Fighting to carve a homeland in a region not known for its women's rights, the female guerrillas of the Kurdish Liberation Movement have quite a challenge ahead. Can they really equal their male comrades?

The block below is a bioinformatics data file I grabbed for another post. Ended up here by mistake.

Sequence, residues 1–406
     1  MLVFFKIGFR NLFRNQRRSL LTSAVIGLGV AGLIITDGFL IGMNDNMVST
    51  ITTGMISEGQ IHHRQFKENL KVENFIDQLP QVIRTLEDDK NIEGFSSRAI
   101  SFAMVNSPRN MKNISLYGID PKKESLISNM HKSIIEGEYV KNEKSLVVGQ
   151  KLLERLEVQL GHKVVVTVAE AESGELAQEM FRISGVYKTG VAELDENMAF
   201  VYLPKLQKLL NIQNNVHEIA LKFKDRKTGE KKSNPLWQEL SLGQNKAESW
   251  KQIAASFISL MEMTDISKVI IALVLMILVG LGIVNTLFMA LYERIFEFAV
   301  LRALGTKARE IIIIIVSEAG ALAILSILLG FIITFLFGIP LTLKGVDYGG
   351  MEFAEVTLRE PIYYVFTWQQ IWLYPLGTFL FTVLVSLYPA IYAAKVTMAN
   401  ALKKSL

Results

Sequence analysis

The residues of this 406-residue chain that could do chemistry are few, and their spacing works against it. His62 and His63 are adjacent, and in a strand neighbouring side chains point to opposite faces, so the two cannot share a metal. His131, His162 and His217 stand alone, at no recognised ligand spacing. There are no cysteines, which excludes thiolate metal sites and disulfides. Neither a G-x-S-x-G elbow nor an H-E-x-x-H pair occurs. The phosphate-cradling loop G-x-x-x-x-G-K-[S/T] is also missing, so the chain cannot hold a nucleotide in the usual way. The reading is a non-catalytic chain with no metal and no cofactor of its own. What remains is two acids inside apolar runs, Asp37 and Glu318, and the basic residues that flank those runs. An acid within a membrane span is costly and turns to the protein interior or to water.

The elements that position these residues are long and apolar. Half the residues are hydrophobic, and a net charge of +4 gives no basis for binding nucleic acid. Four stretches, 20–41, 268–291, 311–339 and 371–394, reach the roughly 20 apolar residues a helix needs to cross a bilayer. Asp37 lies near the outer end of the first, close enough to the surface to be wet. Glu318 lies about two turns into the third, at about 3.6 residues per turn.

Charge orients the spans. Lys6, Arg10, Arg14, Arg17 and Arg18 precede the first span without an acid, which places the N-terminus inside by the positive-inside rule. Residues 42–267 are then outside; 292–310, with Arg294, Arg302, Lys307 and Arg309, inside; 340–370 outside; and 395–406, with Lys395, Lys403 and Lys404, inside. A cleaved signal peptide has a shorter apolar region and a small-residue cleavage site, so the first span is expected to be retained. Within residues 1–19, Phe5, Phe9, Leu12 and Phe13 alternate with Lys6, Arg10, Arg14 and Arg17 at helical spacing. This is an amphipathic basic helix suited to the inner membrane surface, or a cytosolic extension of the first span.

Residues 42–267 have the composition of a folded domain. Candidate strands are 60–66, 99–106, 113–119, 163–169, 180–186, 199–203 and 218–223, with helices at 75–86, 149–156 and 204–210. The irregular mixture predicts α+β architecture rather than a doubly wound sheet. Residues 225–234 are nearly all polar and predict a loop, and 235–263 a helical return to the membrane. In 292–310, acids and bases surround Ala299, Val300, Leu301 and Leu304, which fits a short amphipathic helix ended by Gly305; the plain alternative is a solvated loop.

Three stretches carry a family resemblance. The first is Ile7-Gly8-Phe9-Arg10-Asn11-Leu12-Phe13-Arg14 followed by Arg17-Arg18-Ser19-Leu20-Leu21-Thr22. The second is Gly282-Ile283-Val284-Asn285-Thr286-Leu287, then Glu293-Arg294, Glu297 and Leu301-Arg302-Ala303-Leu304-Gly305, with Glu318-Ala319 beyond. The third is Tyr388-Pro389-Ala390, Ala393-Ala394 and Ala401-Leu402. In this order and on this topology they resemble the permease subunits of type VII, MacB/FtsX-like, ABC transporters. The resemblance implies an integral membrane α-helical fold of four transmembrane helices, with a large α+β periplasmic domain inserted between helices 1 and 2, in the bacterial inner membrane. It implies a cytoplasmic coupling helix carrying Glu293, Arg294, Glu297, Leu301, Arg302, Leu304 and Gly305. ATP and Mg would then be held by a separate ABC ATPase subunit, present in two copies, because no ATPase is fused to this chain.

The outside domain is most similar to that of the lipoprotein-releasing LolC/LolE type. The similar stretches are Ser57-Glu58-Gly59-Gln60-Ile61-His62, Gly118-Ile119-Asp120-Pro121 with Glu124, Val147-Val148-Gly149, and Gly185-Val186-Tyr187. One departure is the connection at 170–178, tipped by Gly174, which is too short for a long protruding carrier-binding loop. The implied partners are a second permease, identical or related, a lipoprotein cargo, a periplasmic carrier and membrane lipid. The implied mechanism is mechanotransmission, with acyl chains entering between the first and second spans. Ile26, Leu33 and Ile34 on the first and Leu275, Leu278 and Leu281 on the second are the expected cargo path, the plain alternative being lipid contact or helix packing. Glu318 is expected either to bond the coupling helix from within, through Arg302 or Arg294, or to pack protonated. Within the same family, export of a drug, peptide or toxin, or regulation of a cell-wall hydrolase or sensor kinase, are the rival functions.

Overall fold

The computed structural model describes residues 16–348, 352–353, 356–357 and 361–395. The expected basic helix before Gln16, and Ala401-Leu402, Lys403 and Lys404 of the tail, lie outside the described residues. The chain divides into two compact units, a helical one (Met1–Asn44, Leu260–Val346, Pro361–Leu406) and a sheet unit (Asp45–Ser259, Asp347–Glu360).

"It is not right to consider a woman fragile", argues one female fighter. For the armed women of PJAK - a rebel group fighting for Kurdish independence in the mountains of northern Iraq, Turkey and Iran - their mission is to defend women from the "persecution" of sharia law, whilst also creating a Kurdish homeland. Their male comrades support their vision of an emancipated Kurdish nation; "women are much better than men at leadership and organisation", one PKK fighter insists. It isn't an easy path: "You are not allowed to be a guerrilla and have a family. You will be distracted". Yet from their remote mountain outpost this ragtag group are determined that their sacrifices will lead to "equality and equity".